Bitcoin's Big Remittance Problem

Why it may be harder to use bitcoin for developing countries than we thought.

One of bitcoin’s biggest promises was to level the playing field and make it possible to send funds anywhere across the world. Advocates were excited about a new world, in which communities in developing countries were just as financially empowered as people in developed economies. It might not really be working out that way, though.

International remittance to developed countries was going to be a killer app for bitcoin.

Many parts of the world have migrant workers who earn money and send it home to their families. The problem for them is that the cost of sending that money can be pretty high. The World Bank Database of Remittance Prices shows an average cost of 7.9%, with transfers to some African countries costing upwards of 11%.

Bitcoin is designed to be fast and friction-free, with digital cash transferrable in seconds using the block chain. There are transaction fees associated with the technology, but they are minimal, and in some cases non-existent. So surely this would be a better way?


There are challenges associated with international bitcoin remittance, though. The first of them is regulatory. Some governments in developing countries are very strict about how their monetary systems work. They may ban the concept of bitcoin altogether, or if they allow it, they may impose stringent anti-money laundering requirements, to avoid digital cash systems like bitcoin from being used for criminal purposes.

All of this makes it difficult for business to set up that can exchange bitcoin for local cash, and it also makes it harder for citizens to participate.


One of the other challenges for people in developing countries wanting to use bitcoin is volatility. The currency is still highly volatile compared to many forms of fiat currency, meaning that it will go up and down dramatically, often in response to events and market dynamics far away from those in developing countries, and outside their control.

That’s a problem for families in developing countries with a far lower income than others. A 10% fluctuation in bitcoin’s price may be irritating for a western investor hoping to make a buck, but they can wait for the price to rise again. For a family trying to put food on the table in an Indian village, that could be catastrophic. It isn’t just nice for them to be able to rely on the value of the money being sent home to them – it’s vital.


To buy that food or those other household items, those families are going to need to transfer the bitcoin that they receive into their local currency, because there are probably no outlets selling their required items in bitcoin. That transfer process can be difficult, because of an issue known as liquidity. In a highly liquid market (such as the market for fiat currency), it’s easy to transfer money from one currency to another by buying and selling currencies, because there are so many people willing to trade.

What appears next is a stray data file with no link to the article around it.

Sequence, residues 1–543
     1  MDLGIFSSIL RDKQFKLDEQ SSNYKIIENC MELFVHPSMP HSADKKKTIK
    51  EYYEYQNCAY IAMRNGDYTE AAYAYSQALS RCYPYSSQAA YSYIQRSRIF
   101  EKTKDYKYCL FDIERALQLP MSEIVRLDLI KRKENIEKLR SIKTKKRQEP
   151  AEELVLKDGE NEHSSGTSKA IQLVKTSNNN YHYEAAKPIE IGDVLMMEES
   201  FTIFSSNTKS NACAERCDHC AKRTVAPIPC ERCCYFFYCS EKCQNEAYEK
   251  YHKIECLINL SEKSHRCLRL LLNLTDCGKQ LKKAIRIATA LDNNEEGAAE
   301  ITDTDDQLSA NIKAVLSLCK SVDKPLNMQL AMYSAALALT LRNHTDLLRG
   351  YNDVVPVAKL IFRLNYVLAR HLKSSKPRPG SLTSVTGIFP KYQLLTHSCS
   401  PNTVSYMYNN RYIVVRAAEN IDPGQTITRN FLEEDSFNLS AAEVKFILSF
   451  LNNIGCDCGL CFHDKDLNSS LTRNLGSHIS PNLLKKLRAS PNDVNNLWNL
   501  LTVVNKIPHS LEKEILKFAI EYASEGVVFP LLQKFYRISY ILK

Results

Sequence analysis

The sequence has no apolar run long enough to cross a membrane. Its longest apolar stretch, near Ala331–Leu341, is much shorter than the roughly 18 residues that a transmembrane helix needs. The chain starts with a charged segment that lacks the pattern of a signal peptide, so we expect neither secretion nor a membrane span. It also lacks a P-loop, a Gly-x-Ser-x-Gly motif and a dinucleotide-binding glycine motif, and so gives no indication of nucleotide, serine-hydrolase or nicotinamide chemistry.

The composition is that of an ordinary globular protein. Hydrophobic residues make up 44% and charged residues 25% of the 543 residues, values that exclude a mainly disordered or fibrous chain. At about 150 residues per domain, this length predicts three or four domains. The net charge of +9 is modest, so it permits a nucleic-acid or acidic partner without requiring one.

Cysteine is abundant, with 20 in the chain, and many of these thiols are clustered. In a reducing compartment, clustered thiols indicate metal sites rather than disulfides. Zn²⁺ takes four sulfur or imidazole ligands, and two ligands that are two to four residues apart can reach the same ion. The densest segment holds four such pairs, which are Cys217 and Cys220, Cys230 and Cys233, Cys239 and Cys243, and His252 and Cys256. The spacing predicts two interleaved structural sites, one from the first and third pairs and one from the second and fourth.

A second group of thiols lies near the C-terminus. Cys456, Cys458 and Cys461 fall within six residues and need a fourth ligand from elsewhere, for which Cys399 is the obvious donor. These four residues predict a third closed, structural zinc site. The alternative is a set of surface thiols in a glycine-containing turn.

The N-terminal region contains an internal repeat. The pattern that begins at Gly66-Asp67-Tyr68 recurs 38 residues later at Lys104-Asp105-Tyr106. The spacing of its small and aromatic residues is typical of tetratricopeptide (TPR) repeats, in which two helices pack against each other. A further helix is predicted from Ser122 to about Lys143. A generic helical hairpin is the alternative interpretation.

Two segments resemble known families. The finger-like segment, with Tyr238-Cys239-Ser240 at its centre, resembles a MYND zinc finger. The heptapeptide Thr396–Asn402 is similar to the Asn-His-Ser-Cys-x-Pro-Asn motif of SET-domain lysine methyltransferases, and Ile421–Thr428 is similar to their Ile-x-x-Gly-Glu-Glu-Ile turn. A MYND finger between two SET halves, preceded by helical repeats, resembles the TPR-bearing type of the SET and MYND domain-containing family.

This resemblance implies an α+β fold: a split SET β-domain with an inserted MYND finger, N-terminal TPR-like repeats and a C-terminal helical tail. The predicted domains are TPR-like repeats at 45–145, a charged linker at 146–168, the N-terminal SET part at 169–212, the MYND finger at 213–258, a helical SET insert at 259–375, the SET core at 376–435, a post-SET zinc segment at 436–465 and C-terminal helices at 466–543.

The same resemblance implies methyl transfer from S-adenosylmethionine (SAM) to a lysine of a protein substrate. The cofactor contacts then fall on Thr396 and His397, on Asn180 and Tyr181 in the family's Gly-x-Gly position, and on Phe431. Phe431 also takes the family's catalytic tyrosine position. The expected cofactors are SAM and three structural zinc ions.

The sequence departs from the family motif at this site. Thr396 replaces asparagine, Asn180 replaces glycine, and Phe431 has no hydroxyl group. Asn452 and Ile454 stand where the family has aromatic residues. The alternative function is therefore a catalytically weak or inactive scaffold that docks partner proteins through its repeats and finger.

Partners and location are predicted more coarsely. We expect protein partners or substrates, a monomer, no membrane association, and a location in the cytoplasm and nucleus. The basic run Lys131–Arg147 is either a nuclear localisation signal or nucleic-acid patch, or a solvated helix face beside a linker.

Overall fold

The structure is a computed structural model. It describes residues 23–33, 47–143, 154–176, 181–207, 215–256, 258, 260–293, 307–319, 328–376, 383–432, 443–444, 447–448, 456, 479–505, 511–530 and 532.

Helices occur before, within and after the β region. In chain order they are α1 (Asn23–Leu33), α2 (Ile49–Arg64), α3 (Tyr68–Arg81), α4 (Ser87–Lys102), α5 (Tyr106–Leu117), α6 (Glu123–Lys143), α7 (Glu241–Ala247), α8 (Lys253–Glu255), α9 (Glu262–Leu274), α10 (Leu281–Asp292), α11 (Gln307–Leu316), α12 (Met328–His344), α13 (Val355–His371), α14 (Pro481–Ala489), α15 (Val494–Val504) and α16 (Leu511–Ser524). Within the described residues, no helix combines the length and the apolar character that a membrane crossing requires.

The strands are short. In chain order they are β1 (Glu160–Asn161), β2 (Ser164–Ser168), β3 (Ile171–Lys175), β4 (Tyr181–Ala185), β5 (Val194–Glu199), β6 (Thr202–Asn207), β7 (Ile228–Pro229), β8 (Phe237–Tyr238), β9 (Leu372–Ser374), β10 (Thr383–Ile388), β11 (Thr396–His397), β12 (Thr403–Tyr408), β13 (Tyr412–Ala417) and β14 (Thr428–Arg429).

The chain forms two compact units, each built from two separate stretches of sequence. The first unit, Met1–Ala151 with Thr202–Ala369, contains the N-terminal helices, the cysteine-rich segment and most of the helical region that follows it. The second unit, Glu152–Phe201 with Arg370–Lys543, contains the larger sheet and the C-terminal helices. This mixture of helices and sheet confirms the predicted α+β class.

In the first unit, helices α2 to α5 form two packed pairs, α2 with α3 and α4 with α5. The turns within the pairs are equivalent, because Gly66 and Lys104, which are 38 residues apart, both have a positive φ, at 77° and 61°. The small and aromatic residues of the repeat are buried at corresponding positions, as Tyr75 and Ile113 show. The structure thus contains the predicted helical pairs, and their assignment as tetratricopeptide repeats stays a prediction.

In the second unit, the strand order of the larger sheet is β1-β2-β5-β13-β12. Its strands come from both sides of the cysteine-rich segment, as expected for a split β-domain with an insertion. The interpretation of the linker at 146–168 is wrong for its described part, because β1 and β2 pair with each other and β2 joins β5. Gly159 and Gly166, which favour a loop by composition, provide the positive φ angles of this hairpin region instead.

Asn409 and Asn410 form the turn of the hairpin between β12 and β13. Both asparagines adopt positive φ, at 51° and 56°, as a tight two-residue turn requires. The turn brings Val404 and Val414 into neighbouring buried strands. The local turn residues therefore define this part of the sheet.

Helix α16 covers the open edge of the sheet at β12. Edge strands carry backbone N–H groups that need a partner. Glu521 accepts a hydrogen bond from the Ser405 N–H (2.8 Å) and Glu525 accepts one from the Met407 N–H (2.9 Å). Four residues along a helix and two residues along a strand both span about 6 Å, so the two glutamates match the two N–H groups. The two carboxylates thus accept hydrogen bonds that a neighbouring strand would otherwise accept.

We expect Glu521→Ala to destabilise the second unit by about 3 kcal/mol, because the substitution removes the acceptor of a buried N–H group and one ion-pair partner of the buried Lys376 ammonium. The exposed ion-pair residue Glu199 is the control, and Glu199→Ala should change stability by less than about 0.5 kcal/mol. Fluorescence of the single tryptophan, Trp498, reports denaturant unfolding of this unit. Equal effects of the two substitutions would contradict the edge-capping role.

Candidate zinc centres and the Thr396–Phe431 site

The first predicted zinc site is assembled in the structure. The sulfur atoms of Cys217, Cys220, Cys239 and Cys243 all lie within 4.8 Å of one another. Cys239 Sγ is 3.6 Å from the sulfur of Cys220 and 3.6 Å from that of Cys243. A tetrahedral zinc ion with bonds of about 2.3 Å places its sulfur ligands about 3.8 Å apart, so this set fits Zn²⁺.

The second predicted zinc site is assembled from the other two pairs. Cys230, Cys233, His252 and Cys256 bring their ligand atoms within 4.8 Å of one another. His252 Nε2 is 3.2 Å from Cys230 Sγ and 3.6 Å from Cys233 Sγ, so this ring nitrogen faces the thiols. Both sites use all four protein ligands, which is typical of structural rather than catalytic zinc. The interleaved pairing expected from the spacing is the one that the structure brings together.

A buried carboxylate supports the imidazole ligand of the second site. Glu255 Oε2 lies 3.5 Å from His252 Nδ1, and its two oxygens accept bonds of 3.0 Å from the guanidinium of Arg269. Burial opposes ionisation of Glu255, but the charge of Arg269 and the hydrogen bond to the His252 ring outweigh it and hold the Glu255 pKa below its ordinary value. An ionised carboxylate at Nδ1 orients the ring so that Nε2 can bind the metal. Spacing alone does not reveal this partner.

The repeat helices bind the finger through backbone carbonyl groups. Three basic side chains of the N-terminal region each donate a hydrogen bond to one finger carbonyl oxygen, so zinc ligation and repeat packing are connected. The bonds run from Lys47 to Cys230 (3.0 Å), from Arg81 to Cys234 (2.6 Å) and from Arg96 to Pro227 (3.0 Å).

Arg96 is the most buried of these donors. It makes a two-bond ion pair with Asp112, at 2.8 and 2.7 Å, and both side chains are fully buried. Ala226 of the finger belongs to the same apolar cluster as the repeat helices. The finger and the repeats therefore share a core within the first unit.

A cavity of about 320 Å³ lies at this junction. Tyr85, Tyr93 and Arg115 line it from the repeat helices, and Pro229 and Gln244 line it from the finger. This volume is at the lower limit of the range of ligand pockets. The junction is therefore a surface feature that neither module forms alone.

Conversely, bitcoin is a low-liquidity currency, meaning that there are far fewer people willing to buy and sell it in exchange for local currency. That can push the value of bitcoin down still further for families who may be desperate to trade the bitcoin that they have received, so that they can get access to ready cash.

Some countries may have no one at all buying bitcoin, and no exchanges to conduct trades on.

There are alternate means of financial exchange that people in developing countries are already used to. In parts of Africa, for example, Vodafone has introduced a system called mPesa, which allows people to send money to each other via their mobile phones. It’s extremely popular, although it is only designed for sending money inside the country.

For both national and international transfers, a vast network of money traders known as Hawala has existed for many years. This network extends pretty much globally at this point, and many will be used to dealing with trusted individuals on this basis.

Nevertheless, some companies are still trying to make bitcoin remittances work. BitPesa, for example, accepts bitcoin sent to Africa, and then exchanges it for Kenyan and Tanzanian Shillings.

It can then be sent to a mobile wallet using mPesa. However, that will still incur a 3% fee along with the bitcoin transaction fee, which while minimal, must still be considered.

None of this means that bitcoin won’t emerge as a market for remittance. It has potential, but what would really help is the ability to buy and sell everyday goods in bitcoin in these developing economies. In most parts of the world, that’s a long way off, and it’s a catch-22 problem: until bitcoin is popular, such retail options won’t develop. But until they develop, it will be difficult for bitcoin to become popular.